• Mordain’s creations don’t have to be monsters. Mordain could transform the inhabitants of a village into tortles, or create a murder of kenku. This can be a simple way to introduce a small population of an exotic population into a location; no one knows WHY Mordain put a tribe of tabaxi into the King’s Forest, but he did.
  • Likewise, adventurers could stumble upon bizarre experiments. Dolurrh’s Dawn—originally presented in Dragon 365—is an isolated village in Droaam where Mordain has recreated legendary characters from history. His motives are unclear; but it’s certainly an interesting thing for a group of adventurers to discover.
  • Mordain could also be supplying or supporting an organization that the adventurers are fighting. He could be providing them with symbionts or other magic items, or giving them access to monstrous forces (you kill the leader of the organization, but a week later he’s back as a flesh golem!). The main question here is why? How is the group interesting or useful to Mordain?

A twist on this is for Mordain to take a personal interest in the adventurers. Will he turn their friends into monsters, or grant strange powers to their enemies? Is he testing the adventurers, or is there something about them that poses a threat to his experiments? Does he know something about one of the adventurers they have yet to discover?

SECRET ORIGIN

Mordain can be an interesting backstory element for an unusual character. Perhaps a player wants to create a character using a race that has no established place in Eberron, such as a Loxodon or a Simic Hybrid. Simple answer: they were created by Mordain. This path could also be used to explain class features. Perhaps a sorcerer’s arcane powers stem from being magebred by Mordain. A character who’s mechanically a half-orc barbarian could decide that they’re actually an artificial lifeform created by Mordain and that their “rage” reflects a hulking-out battle mode. A monk could likewise describe their Unarmored Defense and enhanced abilities as being tied to Mordain-crafted mutations. An idea could be even more exotic than this; tied to Dolurrh’s Dawn, a character could say that they are a clone of a famous historical figure—that they are Karrn the Conqueror or Tira Miron reborn… or even a clone of a young Mordain the Fleshweaver!

With any of these ideas, there’s a few critical questions. Were they created in an isolated incident, or are they part of a larger experiment (like Dolurrh’s Dawn)? Did Mordain release them into the wild, or did they escape captivity? Do they know the purpose for which they were created and are defying it, or could their adventuring career be part of Mordain’s plan? Which ties to the next option…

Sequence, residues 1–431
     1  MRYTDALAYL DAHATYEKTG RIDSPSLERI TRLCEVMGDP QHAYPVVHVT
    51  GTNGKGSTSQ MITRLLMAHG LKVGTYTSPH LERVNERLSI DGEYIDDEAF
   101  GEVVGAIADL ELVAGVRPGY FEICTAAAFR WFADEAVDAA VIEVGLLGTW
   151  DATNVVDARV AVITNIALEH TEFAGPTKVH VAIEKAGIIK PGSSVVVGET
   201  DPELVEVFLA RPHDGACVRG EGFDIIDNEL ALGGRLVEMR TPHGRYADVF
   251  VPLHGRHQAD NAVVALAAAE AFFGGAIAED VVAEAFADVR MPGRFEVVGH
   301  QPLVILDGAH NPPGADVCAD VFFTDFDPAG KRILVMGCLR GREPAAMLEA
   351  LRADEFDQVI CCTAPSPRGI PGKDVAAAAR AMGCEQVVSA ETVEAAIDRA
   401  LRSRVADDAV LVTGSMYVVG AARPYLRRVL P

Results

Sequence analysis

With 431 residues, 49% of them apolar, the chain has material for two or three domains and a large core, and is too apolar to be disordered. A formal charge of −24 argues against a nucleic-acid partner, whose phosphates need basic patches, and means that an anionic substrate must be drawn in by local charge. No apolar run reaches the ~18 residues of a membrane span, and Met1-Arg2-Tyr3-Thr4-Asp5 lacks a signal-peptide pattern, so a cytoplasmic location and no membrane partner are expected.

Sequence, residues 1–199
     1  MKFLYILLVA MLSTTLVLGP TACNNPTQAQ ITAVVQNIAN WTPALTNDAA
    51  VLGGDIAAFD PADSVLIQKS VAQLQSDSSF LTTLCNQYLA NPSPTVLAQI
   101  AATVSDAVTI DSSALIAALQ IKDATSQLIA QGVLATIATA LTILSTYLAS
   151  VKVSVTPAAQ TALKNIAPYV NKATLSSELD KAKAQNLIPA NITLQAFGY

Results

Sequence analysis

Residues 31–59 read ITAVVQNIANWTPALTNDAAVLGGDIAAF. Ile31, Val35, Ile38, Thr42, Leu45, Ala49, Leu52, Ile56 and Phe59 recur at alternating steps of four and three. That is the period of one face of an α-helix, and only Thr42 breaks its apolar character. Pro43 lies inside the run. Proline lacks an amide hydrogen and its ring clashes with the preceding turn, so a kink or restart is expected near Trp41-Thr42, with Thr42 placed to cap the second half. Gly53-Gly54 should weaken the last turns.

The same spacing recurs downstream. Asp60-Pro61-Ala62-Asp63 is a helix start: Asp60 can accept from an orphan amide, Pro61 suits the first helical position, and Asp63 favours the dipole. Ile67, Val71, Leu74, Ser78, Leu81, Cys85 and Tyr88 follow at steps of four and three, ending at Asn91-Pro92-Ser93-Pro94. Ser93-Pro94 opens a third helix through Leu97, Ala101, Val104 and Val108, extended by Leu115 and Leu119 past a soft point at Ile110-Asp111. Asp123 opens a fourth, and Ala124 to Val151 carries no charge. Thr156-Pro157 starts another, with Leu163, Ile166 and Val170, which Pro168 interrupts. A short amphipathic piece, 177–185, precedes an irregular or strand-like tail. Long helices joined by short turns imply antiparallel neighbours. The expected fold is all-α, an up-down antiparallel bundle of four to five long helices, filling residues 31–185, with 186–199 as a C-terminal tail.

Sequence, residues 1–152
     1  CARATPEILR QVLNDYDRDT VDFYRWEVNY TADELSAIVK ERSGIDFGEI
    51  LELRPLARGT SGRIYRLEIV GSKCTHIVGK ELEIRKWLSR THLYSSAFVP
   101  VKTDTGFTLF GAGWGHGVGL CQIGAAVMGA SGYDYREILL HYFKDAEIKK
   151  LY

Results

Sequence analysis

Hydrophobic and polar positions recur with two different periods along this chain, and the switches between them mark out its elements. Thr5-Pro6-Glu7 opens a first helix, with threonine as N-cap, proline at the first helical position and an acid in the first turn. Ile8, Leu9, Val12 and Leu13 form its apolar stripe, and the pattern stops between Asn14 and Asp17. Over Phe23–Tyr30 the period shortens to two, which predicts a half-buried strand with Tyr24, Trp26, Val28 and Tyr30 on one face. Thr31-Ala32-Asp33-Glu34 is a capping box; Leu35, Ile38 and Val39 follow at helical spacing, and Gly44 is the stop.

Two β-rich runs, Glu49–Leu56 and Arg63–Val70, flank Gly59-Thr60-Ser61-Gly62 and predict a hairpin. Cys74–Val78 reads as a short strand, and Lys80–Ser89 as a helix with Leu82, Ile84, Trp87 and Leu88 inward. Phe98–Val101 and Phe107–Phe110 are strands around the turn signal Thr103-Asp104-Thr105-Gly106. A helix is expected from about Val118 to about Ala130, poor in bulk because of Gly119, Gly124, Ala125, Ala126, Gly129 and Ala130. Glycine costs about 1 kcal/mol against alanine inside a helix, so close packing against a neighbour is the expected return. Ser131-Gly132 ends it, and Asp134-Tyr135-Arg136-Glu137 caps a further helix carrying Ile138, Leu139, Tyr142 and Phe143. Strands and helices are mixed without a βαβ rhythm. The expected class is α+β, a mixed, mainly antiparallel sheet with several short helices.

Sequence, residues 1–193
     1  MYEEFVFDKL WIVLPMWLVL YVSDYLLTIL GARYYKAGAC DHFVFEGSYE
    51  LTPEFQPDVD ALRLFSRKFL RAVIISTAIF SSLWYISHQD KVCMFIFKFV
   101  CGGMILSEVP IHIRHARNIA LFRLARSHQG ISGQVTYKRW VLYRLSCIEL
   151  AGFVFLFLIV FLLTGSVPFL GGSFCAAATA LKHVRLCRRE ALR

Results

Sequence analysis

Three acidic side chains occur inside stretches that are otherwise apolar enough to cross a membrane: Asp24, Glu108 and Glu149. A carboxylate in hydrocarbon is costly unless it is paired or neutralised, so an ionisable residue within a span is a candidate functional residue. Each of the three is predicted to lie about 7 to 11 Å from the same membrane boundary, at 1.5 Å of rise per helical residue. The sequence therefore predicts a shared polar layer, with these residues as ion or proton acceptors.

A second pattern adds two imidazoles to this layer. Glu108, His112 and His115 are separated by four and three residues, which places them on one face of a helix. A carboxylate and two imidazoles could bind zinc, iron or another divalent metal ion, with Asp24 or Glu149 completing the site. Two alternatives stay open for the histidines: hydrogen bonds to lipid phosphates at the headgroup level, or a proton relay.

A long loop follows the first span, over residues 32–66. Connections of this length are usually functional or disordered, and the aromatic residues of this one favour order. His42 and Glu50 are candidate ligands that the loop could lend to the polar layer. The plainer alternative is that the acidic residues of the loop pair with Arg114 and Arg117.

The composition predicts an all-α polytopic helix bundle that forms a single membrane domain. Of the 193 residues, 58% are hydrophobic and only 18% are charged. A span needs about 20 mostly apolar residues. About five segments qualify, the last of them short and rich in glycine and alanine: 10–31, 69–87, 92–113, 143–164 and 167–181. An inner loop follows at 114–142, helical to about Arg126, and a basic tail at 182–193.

MORDAIN THE ALLY

Mordain has much to offer, from magic items to mysterious boons. Mordain could easily serve as a patron for a warlock or a mysterious mentor for a wizard… or even an entire group (following the model of the Immortal group patron, even if he may not be immortal). What would he want from adventurers? A few possibilities…

  • Mordain wants the adventurers to clean up his messes. Use the same seeds from the previous section, but Mordain dispatches the PCs to minimize the collateral damage. He still feels a need to drop a gargantuan gelatinous cube into Aundair, but once he’s learned what he needed, he’s happy to have the PCs deal with it.
  • Adventurers encounter a lot of exotic creatures. Mordain wants them to harvest organs of monsters they defeat, and will pay them (in gold or in other ways) for unusual finds.
  • Mordain is always interested in relics of the daelkyr, and could send players into dangerous dungeons.
  • The lesser of two evils: a Cult of the Dragon Below, the Lords of Dust, the Dreaming Dark or a similar force could be interfering with one of Mordain’s experiments; he sends the adventurers to resolve the problem.
  • Mordain could want the adventurers to mediate a local problem with some of his neighbors in Droaam (likely a last resort before resolving the problem in a horrifying and deadly fashion).

Working with Mordain should never be an entirely comfortable experience. There should always be the sense that he’s incredibly dangerous and could do something terrifying at any moment. But again, Mordain is motivated solely by his experiments; as long as those current experiments aren’t harming innocents, there’s no reason he can’t be a useful ally.

FIGHTING MORDAIN?

The 4E Eberron Campaign Guide included a stat block for Mordain. I’m not including one here, because in my opinion fighting Mordain is simply a bad idea—both in terms of difficulty, but also because it won’t really accomplish anything. Remember that according to the legends, the TWELVE couldn’t find a way to kill him—and that’s when they had him as a prisoner, not when he was in Blackroot surrounded by his creations and defensive spells. One option is to use the statistics of a lich as a base, though I’d consider him an aberration as opposed to undead (or humanoid) and I’d add high regeneration. But there’s another approach, which is to say that his combat abilities aren’t that dramatic but that it doesn’t really MATTER… that at this point he has essentially become Blackroot, and that he simply produces a humanoid body when he needs to interact with outsiders. So he doesn’t need to be a terrifying force of destruction, because if you kill him he’ll just make a new body within a few rounds. This ties to the basic point that his role in the story isn’t really to BE a monster himself; it’s to create monsters and challenges.

Mordain or Daelkyr?